By late September, Mr Qassem had disappeared in Croatia. The Swiss denied all knowledge of Mr Zawahri but the Egyptian government's first diplomat casualty had been shot down in Switzerland in mid-November. Then, on 19 November, a suicide bomber attacked the Egyptian embassy in the Pakistani capital of Islamabad, killing 18 men, including five diplomats. Once again, sources in Cairo said that several of the dead embassy officials were working under cover as diplomats to help the Pakistani authorities track down members of the Gemaa and other anti-government groups, especially Mohamed el-Islam- bouly; indeed, the same sources claimed that these same men had already secured the extradition of nine wanted Egyptian militants to Cairo. Mr Mubarak was on the point of sending the next batch of 100 intelligence officers to Islamabad on a parallel operation to the one he had sanctioned for London when the Islamabad bomb went off. The operation was cancelled at 24 hours' notice.
Two days after the bombing, however, the Adela al Alamiya group - which had admitted the murder of Alaa al-Din Nazmi in Geneva - claimed responsibility for the Islamabad slaughter, and added a ferocious new warning. "There are other death sentences that have been issued against other [diplomats] and these sentences will be implemented even if they hang from the curtains of the Kabaa", (the holy black stone shrine in Mecca), the group said in a faxed acknowledgement of responsibility. "There is no punishment for you other than cutting your bodies into shreds. You are more criminal than the Zionists."
The claim also demanded the freeing of Sheikh Omar Abdul Rahman, one of Mr Mubarak's fiercest enemies among Islamic prelates, currently jailed in the United States, and the release of Talaat Qassem from his supposed prison in Egypt.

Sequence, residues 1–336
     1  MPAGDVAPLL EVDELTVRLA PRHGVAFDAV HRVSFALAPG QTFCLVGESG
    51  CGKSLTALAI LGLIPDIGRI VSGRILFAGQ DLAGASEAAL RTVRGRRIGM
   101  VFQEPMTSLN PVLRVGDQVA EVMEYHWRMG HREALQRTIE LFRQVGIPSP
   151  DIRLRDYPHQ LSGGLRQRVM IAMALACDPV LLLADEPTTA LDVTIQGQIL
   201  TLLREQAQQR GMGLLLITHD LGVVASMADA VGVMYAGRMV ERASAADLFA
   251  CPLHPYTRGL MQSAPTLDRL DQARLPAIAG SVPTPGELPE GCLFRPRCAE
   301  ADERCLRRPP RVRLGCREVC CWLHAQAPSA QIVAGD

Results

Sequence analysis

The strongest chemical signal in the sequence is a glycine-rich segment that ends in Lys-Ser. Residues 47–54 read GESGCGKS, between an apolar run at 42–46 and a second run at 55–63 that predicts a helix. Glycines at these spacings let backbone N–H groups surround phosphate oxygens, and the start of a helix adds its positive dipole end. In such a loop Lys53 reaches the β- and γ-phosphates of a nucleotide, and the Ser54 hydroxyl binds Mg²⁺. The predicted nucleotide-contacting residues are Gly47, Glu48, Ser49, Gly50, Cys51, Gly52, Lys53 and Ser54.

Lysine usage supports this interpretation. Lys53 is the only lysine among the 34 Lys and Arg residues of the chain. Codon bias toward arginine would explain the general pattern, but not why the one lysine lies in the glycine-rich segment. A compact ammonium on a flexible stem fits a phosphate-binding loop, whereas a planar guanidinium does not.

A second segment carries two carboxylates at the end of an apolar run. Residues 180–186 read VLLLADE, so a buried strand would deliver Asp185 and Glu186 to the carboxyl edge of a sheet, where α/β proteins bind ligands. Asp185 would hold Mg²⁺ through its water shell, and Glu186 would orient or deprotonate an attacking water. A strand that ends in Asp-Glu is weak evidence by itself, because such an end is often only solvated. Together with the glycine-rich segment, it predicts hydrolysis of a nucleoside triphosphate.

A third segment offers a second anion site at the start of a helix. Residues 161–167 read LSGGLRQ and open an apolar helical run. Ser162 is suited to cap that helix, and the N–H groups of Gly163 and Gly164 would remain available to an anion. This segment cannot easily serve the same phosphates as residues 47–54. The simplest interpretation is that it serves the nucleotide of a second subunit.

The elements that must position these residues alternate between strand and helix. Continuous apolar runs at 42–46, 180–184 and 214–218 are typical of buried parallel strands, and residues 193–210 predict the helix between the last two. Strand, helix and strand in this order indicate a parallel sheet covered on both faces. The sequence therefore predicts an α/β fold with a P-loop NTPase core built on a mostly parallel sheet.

Egypt's tit-for-tat war with its enemies abroad now seems set to produce further bloodshed. And just as Egypt's ruthless intelligence services are hunting for the regime's enemies abroad, President Mubarak has instituted an ever more draconian repression at home. Quite apart from the sentencing of 54 non-violent members of the Muslim Brotherhood before last week's parliamentary elections - in which several of the convicted men were candidates - and the death of 26 Islamists in Egyptian prisons since January, it has now emerged that his intelligence services took action against Cairo University students who protested at his decision to attend the Jerusalem funeral of Yitzhak Rabin on 5 November.
Sources close to the Egyptian security forces say that at least 50 students, most of whom were demonstrating against the regime rather than the Jerusalem visit, were arrested by plainclothes policemen posing as university officials. After they had been forced to give their addresses, police raided their homes and took their entire families, including women with babies, to the Central Security Camp on the Cairo-Alexandria road, where many were kept without food and water for two days. Some policemen brought bread and water to the elderly - but only for pay.
Even less publicised were the bloody raids by security force personnel on two villages, Maghaga in Minya province and another hamlet near the Fayoum oasis, just a month ago.
About 1,500 police were reported to have stormed Maghaga, apparently looking for Islamic "terrorists". They killed 13 men, including, they said, a local Muslim militant leader. In Fayoum, seven people were killed, including the local head of the Gemaa Islamiya. "This was not just a military operation," a source familiar with the raids said in Cairo this week. "The security forces were asked to be policemen, judges and executioners."
Is that, European governments may now ask, what the Egyptian government has ordered its intelligence men abroad to be?